In the New Testament book of James, after the author highlights the unholy behavior of mistreating the disenfranchised and ignoring the poor, he offers a teaching that is as timeless as it is revelatory: “What good is it,” he writes, “if you say that you have faith, but do not have works?” (James 2:14)
What does Scripture mean by “works?” I have always believed it to be a reference to those tangible works of ministry that bear witness to the kingdom that God inaugurated in Christ. Works of compassion and justice. Works emerging from a heart that has been transformed and reoriented by the love of Jesus Christ. “What good is it,” the biblical author writes, “if you say that you have faith but do not have works? If a brother or a sister is in trouble and lacks daily food, and you say to them, ‘God bless,’ but do not do anything to supply their bodily needs, what is the good of that?”
Then the biblical author encapsulates the urgency of his teaching in a powerfully unsettling way: “So,” he writes, “faith by itself, if it has no works, is dead.” (James 2:17)
I invite you to allow yourself to be unsettled and perhaps even undone by that biblical teaching for a moment. Allow the teaching to make its way into every chamber of your soul. “Faith by itself, if it has no works, is not a saving faith. It is a dead faith.”
Over the centuries of Christian theology, Christian thinkers have perpetuated what I consider to be a misguided and unfortunate debate. The debate is normally referred to as the “faith versus works debate,” and it hinges on this theological question: Are we saved by faith or are we saved by our good works? People on both sides of the debate cite particular scriptures to support their arguments. The people who believe that we are saved by faith alone (in Latin, “sola fide”) are quick to cite scriptures like Ephesians 2:8-9, which reads this way: “By grace we have been saved through faith, and this is not our own doing, but the gift of God, not the result of works, so that no one may boast.” That’s a pretty clear teaching, right?
But hold on. Because, on the other side of the debate are the people who maintain that salvation is received—not EARNED, mind you—but RECEIVED through the doing of good and compassionate works. They cite scriptures like Matthew 25:31-46, in which Jesus makes clear that, in the final judgment, our eternal reward or our eternal punishment has much to do with whether or not we have fed the hungry, given drink to the thirsty, clothed the naked, cared for the sick, and visited the prisoner. In Matthew 25, Jesus tells us that our good works are indeed an integral portion of the salvation that God has made possible.
For centuries, the theological debate has raged on, spawning hugely unfortunate extremes and unnecessary distortions of biblical truth. But in the book of James, it is made crystal clear to us that debating over faith and works is something like debating over bloodflow and breathing. Which would you rather do without, the flow of blood through your veins or the intake of oxygen? That would be a ridiculous conversation, since life depends upon both of these processes.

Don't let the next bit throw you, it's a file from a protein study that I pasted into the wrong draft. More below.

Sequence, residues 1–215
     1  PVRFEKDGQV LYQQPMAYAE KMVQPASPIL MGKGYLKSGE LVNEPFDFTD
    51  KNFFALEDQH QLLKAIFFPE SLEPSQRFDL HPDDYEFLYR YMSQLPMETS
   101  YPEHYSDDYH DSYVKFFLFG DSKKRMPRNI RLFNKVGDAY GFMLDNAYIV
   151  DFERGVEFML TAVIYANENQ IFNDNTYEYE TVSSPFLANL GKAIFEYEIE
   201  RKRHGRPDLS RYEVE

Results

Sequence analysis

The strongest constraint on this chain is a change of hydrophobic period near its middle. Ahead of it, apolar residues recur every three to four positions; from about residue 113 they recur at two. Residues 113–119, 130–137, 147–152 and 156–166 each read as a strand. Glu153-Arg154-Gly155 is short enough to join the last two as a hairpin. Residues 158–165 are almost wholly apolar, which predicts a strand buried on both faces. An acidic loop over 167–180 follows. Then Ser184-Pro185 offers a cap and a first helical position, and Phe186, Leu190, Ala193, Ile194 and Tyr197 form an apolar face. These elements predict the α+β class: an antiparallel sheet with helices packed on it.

In much the same way, salvation depends, according to Scripture, upon both faith and good works. They are both manifestations of God’s saving grace, and they are both inseparably joined in the life of discipleship. Faith, without works, is dead. Good works, without faith, are random and unsubstantiated.
But allow me to be very clear about this: I am not suggesting that we have the wherewithal to EARN our salvation through either our faith or our works. We have neither the rectitude nor the righteousness to accomplish that. Salvation is God’s accomplishment and God’s gift, offered to us in grace. We cannot earn it, nor can we ever achieve it by our own merit. We can, however, RECEIVE God’s gift of salvation. (I don’t think that I have to say much to remind you that there is a vast difference between earning a prize and receiving a gift.)
The God-given, Spirit-empowered mechanism by which we RECEIVE God’s gift of salvation is the two-tiered mechanism of faith and works: faith in Jesus Christ accompanied by the good works that the love of Christ inspires within us.
The Greek word for faith that is utilized in the second chapter of James is a word that implies significantly more than an intellectual agreement or a cognitive speculation. In fact, the Greek word for faith is one that implies trust, reliance, dependable relationship. The kind of saving faith that Scripture describes, in other words, is a life-changing relationship with the living and ever-dynamic Christ—a relationship that changes us inwardly to such an extent that it becomes the joy of our life to bless others with works of mercy, not for the purpose of inflating our ego, but for the purpose of giving expression to the glorious and relentless love of Jesus Christ. That is why Scripture is able to say with conviction that faith without works is dead. If our faith is not accompanied by consistent works of mercy and ministry, then our faith cannot be a LIVING relationship with the LIVING Christ, whose very nature is to identify with the least and the lost.
The book of James would have us to believe that a disciple is a person of faith, but not just any faith. More specifically, a disciple is a person whose faith is nothing less than a daily walk with Jesus Christ and whose life bears witness to that daily walk through the frequent rendering of good and merciful works.